Camilla Läckberg’s The Gilded Cage, in Neil Smith’s smooth translation, bears all the hallmarks of the style that made her an international best-seller who keeps delivering books famous for both thrilling and chilling her readers. The latest tense and fast-paced psychological thriller has intrigue, some appealing domesticity mixed with a horrendous past, huge wealth and ruthless businesspeople who will do absolutely anything to protect their status quo. Including, of course, the main character Faye Adelheim whose glossy life seems perfect.
She lives in an elegant apartment in the most exclusive part of Stockholm, is married to a very handsome and charming man who works extra hard to give her everything she wants and needs, and she adores her small daughter Julienne. Faye lunches with other rich wives, has connections with the most influential people, and owns an excess of top-quality stuff. It is easy to be jealous, and sometimes suspicious, of such a lifestyle.
However, this is all a façade. Faye has completely reinvented herself and created a new identity after escaping her dramatic childhood and teenage years characterised by brutal violence at home, resulting in her brother’s suicide and then the imprisonment of her father for murdering her mother.
Although she had not completed her MBA studies at Stockholm School of Economic to support her husband, Jack, it was her genius that established Compare, a successful empire that Jack and his best friend Henrik launched. The men quickly erased any mention of her huge role in the venture. Over the years she succumbed to the role of a compliant silent trophy wife to fit the whole concept of male domination and her husband’s wishes, because she loved him so much and he needed her.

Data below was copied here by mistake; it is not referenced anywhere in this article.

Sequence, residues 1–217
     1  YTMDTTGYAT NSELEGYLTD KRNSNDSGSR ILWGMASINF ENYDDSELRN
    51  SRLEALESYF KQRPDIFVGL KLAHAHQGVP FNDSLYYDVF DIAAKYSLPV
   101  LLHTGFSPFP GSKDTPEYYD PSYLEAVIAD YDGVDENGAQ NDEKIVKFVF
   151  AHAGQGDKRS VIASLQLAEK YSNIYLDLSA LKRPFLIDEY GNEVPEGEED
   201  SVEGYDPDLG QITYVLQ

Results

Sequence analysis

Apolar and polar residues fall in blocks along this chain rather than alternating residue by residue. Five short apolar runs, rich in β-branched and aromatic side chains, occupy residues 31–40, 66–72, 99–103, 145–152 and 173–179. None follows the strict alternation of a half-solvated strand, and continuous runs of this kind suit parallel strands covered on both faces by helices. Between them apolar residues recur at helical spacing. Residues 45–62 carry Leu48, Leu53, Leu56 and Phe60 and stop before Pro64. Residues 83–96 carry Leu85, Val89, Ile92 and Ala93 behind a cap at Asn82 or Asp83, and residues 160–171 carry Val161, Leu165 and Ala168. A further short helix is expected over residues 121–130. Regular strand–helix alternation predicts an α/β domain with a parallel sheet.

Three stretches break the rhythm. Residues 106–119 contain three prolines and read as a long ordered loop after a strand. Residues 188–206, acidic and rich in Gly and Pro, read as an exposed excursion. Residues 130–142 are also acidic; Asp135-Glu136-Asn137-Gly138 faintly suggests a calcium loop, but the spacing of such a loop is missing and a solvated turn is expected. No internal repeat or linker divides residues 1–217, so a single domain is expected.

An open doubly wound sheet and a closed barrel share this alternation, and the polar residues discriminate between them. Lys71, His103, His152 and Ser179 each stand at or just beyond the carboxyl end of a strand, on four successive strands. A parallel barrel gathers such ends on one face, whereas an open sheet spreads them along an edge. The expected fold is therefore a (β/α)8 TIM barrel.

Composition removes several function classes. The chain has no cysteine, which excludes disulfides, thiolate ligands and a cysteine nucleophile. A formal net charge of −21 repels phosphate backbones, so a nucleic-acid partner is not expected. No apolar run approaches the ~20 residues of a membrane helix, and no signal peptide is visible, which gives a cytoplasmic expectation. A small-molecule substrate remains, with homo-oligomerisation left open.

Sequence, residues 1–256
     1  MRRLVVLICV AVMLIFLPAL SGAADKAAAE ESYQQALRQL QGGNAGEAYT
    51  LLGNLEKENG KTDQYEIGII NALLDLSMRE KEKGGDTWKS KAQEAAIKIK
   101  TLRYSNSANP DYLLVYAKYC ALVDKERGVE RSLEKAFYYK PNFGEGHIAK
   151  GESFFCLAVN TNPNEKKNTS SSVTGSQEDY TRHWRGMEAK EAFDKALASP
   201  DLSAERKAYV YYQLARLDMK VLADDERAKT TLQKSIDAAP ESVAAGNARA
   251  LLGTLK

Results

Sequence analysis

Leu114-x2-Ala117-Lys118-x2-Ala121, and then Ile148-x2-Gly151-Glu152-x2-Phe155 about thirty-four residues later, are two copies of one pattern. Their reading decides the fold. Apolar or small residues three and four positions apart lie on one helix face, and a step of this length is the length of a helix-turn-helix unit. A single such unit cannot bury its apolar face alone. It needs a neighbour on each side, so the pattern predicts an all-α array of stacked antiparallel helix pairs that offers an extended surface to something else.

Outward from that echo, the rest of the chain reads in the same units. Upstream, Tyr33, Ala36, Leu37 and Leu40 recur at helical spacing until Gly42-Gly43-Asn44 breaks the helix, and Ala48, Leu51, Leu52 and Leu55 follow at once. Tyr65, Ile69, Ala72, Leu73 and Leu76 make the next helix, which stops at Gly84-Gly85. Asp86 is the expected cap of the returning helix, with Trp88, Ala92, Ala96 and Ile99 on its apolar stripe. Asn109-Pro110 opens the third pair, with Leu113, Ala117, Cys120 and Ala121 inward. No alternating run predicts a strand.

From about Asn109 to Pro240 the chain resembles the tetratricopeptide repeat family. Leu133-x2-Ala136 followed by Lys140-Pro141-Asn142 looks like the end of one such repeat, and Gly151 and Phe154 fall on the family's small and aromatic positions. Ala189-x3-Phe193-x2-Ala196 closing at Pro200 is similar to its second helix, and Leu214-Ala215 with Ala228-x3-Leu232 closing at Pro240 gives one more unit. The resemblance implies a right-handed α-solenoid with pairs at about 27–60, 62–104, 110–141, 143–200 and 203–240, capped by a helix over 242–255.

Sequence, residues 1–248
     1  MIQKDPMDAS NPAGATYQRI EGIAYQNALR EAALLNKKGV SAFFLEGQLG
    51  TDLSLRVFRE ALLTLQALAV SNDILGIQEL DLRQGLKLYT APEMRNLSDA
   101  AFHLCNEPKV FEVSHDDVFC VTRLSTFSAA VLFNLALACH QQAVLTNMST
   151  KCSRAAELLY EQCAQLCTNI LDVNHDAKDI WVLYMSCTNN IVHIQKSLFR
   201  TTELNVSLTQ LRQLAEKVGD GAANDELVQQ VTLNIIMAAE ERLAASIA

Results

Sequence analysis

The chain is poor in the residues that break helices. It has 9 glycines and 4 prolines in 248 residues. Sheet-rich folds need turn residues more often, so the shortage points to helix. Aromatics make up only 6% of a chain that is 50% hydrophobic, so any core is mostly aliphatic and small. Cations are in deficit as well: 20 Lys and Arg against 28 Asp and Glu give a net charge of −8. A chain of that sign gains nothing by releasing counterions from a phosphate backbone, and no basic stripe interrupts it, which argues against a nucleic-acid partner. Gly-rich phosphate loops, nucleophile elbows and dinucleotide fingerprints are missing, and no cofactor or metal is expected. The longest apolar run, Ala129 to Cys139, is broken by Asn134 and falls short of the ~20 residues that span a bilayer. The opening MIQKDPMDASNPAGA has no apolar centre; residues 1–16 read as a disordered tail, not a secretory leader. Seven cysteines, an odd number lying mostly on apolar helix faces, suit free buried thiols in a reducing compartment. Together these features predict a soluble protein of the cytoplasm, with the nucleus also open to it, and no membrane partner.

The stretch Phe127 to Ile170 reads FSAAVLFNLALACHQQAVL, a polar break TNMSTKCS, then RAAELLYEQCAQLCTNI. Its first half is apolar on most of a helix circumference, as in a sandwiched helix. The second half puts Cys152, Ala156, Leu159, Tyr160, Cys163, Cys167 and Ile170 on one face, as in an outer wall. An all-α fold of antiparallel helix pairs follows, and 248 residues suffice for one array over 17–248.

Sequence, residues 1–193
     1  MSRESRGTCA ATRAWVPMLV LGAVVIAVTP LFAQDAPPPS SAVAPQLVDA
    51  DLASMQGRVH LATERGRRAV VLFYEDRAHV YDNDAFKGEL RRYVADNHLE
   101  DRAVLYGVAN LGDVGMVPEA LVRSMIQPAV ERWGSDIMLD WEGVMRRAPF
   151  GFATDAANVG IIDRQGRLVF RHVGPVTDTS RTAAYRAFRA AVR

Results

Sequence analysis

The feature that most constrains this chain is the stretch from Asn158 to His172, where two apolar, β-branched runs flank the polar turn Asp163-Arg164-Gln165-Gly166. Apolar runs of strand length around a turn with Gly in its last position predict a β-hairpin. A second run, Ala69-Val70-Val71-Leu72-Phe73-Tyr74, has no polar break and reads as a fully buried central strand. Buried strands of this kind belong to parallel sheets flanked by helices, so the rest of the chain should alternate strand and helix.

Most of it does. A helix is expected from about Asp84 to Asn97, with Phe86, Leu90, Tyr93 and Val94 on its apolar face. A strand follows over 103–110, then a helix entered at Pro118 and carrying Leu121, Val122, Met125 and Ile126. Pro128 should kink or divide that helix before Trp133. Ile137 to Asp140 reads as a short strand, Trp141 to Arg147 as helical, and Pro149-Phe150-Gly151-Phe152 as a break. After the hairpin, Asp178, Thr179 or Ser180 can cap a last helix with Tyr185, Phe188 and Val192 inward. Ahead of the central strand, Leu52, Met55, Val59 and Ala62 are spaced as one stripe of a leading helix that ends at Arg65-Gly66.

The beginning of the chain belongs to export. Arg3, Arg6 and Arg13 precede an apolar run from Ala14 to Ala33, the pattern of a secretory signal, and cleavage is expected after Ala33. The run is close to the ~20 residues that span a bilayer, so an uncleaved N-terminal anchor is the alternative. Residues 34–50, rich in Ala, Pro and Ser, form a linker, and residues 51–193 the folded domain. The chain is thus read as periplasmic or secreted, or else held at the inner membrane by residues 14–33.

Unfortunately for Faye, that scenario does not survive for ever and she is dumped, divorced, and stripped of all material possessions and the sheen attached to her position in society. Her initial disbelief, shock and despair turned to anger and fury. Faye begins planning her spectacular revenge, using all her forgotten entrepreneurial skills and the immense wealth of dark emotion, rage and fierceness that she had tried to conceal from the apparently sophisticated world she came to inhabit. She was ready to retaliate, in the name of all women used, rejected and scorned. And then she finds herself at the police station, shocked and distraught at the news that her ex-husband Jack has murdered their daughter.
Läckberg honed her terrifically engaging style on the detective series of books set in an idyllic fishing village Fjällbacka on the west coast of Sweden. Here, with a nod to the famous location, Faye wants to forget that place, focusing on the possibilities in the capital. The Gilded Cage is about betrayal on many levels in urban environment with greed, and sex used as a powerful tool to manipulate and exert control, and as a result, many characters seem to be one dimensional, and various cliches abound. If you can suspend belief and follow the clever but not mind-bending plot, this novel is a brilliant way to escape reality and enjoy the slick girl-power story of women of various ages working together.